The closing process occurs after the Seller accepts an offer but before the property is transferred to new ownership. In general, the closing process entails three things (1) final approval for the loan, (2) home inspection, and (3) getting homeowners and title insurance. The closing process is usually limited to a few weeks or a month to ensure that the seller may relist the property if the buyer cannot complete the process.
Final Loan Approval
When a buyer is shopping for a new home, there is usually a preliminary approval letter from his or her lender. The letter authorizes loans up to a certain amount and is based on a bank’s preliminary investigation. However, when an offer is made at a specific price point, the buyer will need the bank’s loan approval before he or she can proceed. The bank will ask for financial information, such as tax returns, bank statements, and employment records, to verify that the buyer can pay back the loan.
Home Inspection & Attorney Review
Another step in the closing process is the attorney review period and home inspection. The attorneys for each side will review the contract and either approve, disapprove or propose modifications to the contract. Additionally, the buyer usually hires the inspector and makes payment at the time services are rendered. The inspector checks the house for potential issues, such as mold or unpermitted structures. The attorneys may negotiate necessary repairs that are to be made to the property or cancel the contract if repairs are excessive or an agreement cannot be made as to which repairs the seller will make to the property.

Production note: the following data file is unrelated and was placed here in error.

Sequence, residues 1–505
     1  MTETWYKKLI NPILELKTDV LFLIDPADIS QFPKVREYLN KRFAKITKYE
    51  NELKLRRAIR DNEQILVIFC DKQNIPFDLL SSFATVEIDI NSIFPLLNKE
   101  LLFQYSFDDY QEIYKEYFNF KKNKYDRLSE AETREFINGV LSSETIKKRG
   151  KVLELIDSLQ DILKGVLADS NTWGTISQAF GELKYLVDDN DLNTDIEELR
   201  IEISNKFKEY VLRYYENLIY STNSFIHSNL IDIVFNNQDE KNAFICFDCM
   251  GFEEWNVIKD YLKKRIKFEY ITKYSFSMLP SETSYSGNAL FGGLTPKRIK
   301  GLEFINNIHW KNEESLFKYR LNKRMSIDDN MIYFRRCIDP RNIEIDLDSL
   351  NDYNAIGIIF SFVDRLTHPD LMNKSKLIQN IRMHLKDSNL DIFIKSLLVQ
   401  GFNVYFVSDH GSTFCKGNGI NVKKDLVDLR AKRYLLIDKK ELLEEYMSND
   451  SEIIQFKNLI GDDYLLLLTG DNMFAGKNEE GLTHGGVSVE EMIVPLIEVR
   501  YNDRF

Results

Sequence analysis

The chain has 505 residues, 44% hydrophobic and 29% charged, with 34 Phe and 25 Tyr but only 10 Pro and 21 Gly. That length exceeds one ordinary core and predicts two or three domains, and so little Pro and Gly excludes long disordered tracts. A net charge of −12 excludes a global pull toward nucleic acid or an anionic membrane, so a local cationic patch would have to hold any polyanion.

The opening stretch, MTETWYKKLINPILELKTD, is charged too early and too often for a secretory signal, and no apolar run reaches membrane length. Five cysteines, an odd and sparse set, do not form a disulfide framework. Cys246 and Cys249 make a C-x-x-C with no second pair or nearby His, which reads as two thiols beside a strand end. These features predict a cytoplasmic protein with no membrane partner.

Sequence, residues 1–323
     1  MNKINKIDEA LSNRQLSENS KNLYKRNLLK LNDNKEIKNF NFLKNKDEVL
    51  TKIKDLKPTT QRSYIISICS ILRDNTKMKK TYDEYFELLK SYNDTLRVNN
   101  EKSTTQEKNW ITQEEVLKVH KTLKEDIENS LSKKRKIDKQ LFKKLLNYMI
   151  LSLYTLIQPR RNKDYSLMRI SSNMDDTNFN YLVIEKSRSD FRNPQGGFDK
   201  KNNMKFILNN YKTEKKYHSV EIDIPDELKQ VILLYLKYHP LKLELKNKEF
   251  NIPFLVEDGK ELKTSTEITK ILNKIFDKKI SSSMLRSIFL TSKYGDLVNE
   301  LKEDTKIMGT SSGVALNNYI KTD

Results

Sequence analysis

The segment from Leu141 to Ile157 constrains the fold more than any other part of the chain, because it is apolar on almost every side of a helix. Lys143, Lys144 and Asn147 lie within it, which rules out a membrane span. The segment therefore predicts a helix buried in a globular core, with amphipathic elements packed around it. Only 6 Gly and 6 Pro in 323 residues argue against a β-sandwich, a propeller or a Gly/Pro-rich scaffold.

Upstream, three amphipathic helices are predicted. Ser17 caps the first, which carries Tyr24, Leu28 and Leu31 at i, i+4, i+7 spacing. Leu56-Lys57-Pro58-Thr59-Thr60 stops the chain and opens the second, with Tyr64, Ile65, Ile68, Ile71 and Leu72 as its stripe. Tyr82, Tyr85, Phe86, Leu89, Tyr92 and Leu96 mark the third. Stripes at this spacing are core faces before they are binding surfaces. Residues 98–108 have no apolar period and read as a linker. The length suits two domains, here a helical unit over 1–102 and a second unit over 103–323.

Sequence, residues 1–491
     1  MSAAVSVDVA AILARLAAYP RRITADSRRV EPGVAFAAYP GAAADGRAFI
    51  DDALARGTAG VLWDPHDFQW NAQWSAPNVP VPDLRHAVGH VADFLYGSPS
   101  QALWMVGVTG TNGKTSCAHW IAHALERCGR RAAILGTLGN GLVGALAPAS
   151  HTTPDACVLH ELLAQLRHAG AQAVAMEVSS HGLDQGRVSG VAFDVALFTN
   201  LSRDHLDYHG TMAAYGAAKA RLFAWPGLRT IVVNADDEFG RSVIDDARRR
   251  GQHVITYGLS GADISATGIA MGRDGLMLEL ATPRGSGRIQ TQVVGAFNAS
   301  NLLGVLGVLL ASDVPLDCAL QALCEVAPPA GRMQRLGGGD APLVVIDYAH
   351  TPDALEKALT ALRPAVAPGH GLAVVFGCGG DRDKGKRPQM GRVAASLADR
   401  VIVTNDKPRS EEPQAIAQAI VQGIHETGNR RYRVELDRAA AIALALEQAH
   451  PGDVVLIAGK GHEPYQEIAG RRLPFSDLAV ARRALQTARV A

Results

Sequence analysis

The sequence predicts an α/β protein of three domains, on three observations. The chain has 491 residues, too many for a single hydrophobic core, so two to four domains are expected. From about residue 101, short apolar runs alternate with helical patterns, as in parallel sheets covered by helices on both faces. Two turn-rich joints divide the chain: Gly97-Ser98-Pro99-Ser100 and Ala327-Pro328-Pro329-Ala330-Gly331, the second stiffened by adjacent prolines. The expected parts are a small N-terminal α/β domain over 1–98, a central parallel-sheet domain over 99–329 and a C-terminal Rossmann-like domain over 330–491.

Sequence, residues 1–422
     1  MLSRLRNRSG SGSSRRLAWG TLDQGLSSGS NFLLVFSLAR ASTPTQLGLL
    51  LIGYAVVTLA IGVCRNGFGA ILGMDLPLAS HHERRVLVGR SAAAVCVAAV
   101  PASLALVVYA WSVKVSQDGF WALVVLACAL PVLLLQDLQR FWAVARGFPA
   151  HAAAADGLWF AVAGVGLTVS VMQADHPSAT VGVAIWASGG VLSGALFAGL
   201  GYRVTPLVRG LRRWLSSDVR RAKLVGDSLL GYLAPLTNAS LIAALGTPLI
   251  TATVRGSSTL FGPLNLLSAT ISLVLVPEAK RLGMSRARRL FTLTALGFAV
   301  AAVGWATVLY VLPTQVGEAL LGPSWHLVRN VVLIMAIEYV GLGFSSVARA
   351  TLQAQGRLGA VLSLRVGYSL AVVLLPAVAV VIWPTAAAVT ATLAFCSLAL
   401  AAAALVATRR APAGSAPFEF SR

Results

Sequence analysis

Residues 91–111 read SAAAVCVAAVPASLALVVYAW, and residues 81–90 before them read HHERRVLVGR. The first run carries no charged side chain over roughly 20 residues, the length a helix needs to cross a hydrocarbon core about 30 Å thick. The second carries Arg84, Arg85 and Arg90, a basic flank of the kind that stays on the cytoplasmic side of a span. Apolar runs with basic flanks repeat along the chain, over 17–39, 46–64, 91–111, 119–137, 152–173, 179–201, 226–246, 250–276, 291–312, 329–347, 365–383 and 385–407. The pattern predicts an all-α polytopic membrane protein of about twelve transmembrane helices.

Buyers need two kinds of insurance: Homeowner’s and Title. Title insurance protects buyers and lenders from potential issues if there is a defect in the title. For example, if the seller fails to disclose that a lien is held against the house or an easement to a neighbor, the third-party may sue to enforce his or her rights, causing the bank and buyer to incur expenses. Title insurance protects buyers and banks from this possibility. Title Insurance in Illinois is usually paid for by the seller.
Homeowner’s insurance covers the house itself. Homeowner’s insurance covers accidental damage to the home. It also may protect the buyer against lawsuits that originate may when someone is injured on the property. Most lenders require homebuyers to maintain homeowner’s insurance as a condition of the loan. Buyers are free to use the insurance company of their choice, but lenders often require buyers to purchase policies with specified policy limits and deductibles.